We've seen that there are few traces of the Lucifer we’ve all come to know and loathe in the Old Testament. We will have to dig through the somewhat obscure books of intertestamental literature to find the sketchy outlines of a familiar likeness. The intertestamental period covers the 400 or so years that span the writing of the last book of the Old Testament and the composition of the New Testament. Two works that date from this epoch, The Book of Enoch and The Book of Jubilees, have their roots in Genesis and The Book of Daniel.
Genesis 6.1–6.4 recounts how the “sons of God”—angels—chose mortal wives: There were Giants on the Earth in those days and also afterward when the sons of God came in to the daughters of men and they bore children to them. However momentous the mingling of human and divine might seem, the Bible closes the topic as soon as it is opened.
Similarly, in Daniel, angels called Watchers receive their first and last canonical mention. Although we learn virtually nothing about them in this cameo, the Watchers will become major players in Enoch and Jubilees.
Enoch, the sixth patriarch after Adam, reputedly lived to the age of 365 before ascending to heaven. The book named after him was composed over some four centuries. Its deepest roots, Forsyth maintains, reach back to the third century BCE, while, according to Pagels, the last section was added as late as the beginning of the first century CE. The Watchers from Daniel reappear in The Book of Enoch as a group of 200 angels led by Semihazah, and they are inexplicably linked with the angels in Genesis. In this version their lust for the daughters of men is an act of deliberate sin, whereas in Genesis they go unjudged. In Enoch their giant offspring are called nephilim, “fallen ones,” and they “sin and do violence against all the beasts of the Earth” until they eventually kill one another off.
While Genesis 6.5 locates men as the primary source of evil (“Then the Lord saw that the wickedness of man was great …”) and sends a flood to purge the world, angelic lust is the origin of evil in this narrative thread of Enoch. Later in Enoch, however, the story of the archangel Azazel, who seems to have equal standing with Semihazah, offers a very different theodicy: Azazel teaches men the secrets of metallurgy, “a pernicious revelation that inspired men to make weapons and women to adorn themselves with gold, silver, and cosmetics.” [Pagels p. 50] It is hard here not to see echoes of the Greek story of Prometheus, especially when we recall that Palestine had been under Greek rule since Alexander the Great drove the Persians out around 333 BCE. In any event, in direct contrast to Genesis, Enoch absolves men of wickedness and places the blame for evil on angelic doings.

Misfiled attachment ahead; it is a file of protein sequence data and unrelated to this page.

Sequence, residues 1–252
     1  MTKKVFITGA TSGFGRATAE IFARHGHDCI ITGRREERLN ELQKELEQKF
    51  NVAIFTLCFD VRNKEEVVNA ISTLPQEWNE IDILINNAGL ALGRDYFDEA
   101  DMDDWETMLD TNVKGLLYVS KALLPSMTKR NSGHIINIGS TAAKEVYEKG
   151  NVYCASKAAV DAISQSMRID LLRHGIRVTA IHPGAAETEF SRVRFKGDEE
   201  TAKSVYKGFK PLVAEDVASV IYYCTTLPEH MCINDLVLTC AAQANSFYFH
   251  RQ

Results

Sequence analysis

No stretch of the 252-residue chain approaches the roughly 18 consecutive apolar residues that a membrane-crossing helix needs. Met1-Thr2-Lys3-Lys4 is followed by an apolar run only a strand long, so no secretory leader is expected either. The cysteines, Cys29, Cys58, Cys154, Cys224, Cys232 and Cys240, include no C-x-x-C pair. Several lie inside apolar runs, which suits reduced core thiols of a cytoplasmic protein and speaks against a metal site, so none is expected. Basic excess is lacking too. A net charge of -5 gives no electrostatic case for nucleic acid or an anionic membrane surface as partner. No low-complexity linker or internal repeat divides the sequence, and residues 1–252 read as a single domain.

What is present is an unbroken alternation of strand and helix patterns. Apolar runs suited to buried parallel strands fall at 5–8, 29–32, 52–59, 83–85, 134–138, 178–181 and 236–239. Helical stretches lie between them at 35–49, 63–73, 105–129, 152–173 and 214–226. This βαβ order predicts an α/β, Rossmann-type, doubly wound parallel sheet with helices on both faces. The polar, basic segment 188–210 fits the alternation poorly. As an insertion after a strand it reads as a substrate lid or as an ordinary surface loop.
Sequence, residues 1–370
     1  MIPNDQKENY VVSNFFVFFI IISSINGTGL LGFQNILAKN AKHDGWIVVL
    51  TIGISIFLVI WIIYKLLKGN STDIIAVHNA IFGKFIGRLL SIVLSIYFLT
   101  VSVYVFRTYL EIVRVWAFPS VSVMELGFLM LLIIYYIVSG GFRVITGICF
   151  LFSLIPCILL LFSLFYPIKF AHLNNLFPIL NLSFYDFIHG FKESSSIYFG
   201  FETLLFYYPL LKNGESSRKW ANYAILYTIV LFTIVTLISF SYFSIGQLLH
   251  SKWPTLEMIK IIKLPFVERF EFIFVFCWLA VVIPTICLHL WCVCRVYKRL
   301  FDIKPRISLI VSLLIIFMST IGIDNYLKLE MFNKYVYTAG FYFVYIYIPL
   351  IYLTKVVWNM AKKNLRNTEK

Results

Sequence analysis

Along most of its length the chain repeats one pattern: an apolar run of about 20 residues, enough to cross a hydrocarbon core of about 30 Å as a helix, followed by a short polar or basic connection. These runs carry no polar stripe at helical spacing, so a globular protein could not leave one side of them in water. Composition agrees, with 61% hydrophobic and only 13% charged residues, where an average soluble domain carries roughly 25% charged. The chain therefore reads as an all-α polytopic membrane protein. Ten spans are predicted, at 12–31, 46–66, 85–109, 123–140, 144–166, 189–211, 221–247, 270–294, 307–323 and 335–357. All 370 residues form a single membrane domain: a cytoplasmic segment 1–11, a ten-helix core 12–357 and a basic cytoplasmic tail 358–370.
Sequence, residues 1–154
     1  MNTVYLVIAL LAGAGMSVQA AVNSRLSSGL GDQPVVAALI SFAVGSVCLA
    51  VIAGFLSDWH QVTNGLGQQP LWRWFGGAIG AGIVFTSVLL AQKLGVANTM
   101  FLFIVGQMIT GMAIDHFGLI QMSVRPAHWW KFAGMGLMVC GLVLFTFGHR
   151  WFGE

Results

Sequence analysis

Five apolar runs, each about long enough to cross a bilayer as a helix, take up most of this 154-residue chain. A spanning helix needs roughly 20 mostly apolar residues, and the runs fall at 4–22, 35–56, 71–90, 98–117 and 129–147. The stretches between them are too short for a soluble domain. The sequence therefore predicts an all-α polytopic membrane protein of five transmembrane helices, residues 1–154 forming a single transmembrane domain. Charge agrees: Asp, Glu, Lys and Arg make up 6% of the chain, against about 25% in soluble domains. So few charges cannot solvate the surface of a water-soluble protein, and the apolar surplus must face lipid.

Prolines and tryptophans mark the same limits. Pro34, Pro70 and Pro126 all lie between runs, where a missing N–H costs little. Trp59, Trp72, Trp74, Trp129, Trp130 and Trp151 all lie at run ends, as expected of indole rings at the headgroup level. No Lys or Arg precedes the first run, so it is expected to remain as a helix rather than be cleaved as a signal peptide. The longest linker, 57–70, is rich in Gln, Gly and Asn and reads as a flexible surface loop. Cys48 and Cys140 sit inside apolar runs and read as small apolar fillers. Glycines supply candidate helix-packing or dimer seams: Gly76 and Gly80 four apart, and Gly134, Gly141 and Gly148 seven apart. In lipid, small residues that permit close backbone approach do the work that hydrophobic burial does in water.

Yahweh, ever in the mood to smite, decrees that
Azazel is to be covered with darkness, ‘that his face may not see the light,’ while Michael is to ‘bind’ Semihazah and his cronies ‘for seventy generations in the valleys of the earth until the day of their judgment.’ On the great Day of Judgment they are to be thrown into … ‘the abyss of fire and torture and perpetual imprisonment.’ [Forsyth p.179]
For the first time, we have something vaguely resembling the popular conception of angels who rebel against God and are punished with darkness and fire.
The Watchers put on another performance of lust and sin in the Book of Jubilees, which shouldn’t be surprising given that the author of Jubilees admits that he has read and borrowed from Enoch. Composed around 160 BCE, Jubilees is a reimagining of Genesis and Exodus. Giants once again wreak havoc (even after they are dead, their ghosts go on with the mischief-making) but Semihazah and Azazel are replaced by Mastema and Satan.
The pivotal moment in Jubilees occurs when Noah prays to God, beseeching Him to imprison “these spirits which are living … and hold them fast in the place of condemnation …” [Jubilees 10.5, Forsyth p. 185] The Lord agrees, but Mastema does some beseeching of his own: